Since I’ve included a bit of theater jargon in Purgatory Playhouse, I figured it would only be polite to explain some of it! This isn’t an exhaustive list by any means, but I hope it creates sufficient context.
The script of a musical (excluding music and lyrics).
To close a show.
In theater rigging, counterweights are used to offset the weight of flying scenery, so that stagehands can raise and lower it easily.
A technical rehearsal that jumps from one technical cue (lighting, sound, scenery, etc.) to the next without running the intervening scenes.
In stage directions, toward the audience. (Stages used to be raked, with the lowest part near the audience, hence “down.”)
A batten (pipe), part of the theater rigging, that’s expressly wired for lighting instruments.
The more modern term for chorus—supporting actors in a musical who sing and dance but probably have few (if any) lines.
The last rehearsal before the first public performance of a play; full costumes, makeup, and technical effects.
A scenic element (wooden frame, typically covered with scenic canvas) that’s part of a set, usually walls.
The area above the stage, masked from the audience; the location of flying scenery and rigging.
A backstage catwalk above the stage floor where the rigging (counterweight system) is operated.
Acronym for “special effects.”
1) To open a show.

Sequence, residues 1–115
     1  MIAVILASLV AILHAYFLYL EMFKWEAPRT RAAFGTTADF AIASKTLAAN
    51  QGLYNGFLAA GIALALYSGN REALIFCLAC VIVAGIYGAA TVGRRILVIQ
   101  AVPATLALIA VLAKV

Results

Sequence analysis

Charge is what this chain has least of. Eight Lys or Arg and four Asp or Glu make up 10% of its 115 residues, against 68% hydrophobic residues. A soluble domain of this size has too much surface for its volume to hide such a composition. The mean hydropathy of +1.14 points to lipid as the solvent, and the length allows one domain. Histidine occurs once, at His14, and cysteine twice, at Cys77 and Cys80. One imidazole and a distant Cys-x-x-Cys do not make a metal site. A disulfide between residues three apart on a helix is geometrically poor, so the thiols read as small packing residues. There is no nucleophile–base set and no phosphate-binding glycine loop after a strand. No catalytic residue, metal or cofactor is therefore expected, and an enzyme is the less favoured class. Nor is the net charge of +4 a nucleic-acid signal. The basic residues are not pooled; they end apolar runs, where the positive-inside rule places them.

2) To forget one’s lines.
The backstage area where actors and crew can relax; theater equivalent of a break room.
A stagehand who moves furniture and/or props during a production.
The auditorium where the audience sits to watch a play.
A stage light (of which there are many types).
A performer who subscribes to emotionally-driven (“inside-out”) acting techniques; anecdotally unpredictable; “method” originally referred to the Stanislavski Method, after its originator, Konstantin Stanislavski.
mount a show
To produce a play.
The area in front of the stage, below stage level, where the orchestra sits and performs; may also be used for other purposes when a show has no orchestra.
An offstage singer (often in the orchestra pit) who supplements the voices of onstage musical actors and dancers, who might be too out of breath to handle their songs.
The arch that frames the stage from the perspective of the audience.
To place props in the appropriate places for actors to use during their performance. Often this is done by a stagehand, but depending on the production, performers may either set their own props or at least check that they’re in place.
The parts of the theater upstage of the proscenium arch.
stage left/stage right
Stage directions are from the perspective of the actor facing the audience; stage left is the actor’s left while facing downstage; stage right is the actor’s right.
To tear down/dismantle/store the technical elements of a show (set, costumes, lights) after its final performance.
A short, horizontal curtain that defines the top of the stage and masks lights and battens from the audience.
The week (sometimes shorter or longer) prior to opening when all technical elements are integrated into the show.
A long masking curtain (“leg”), usually black, at the side of the stage immediately behind the main curtain.
A trap door.
A large open space under the stage.
“tread the boards”
To act in a play, the “boards” being the stage.
In stage directions, toward the rear of the stage, away from the audience. (Stages used to be raked, so the back of the stage was higher than the front, hence “up.”)
The areas to either side of the stage performing area, usually masked from audience view.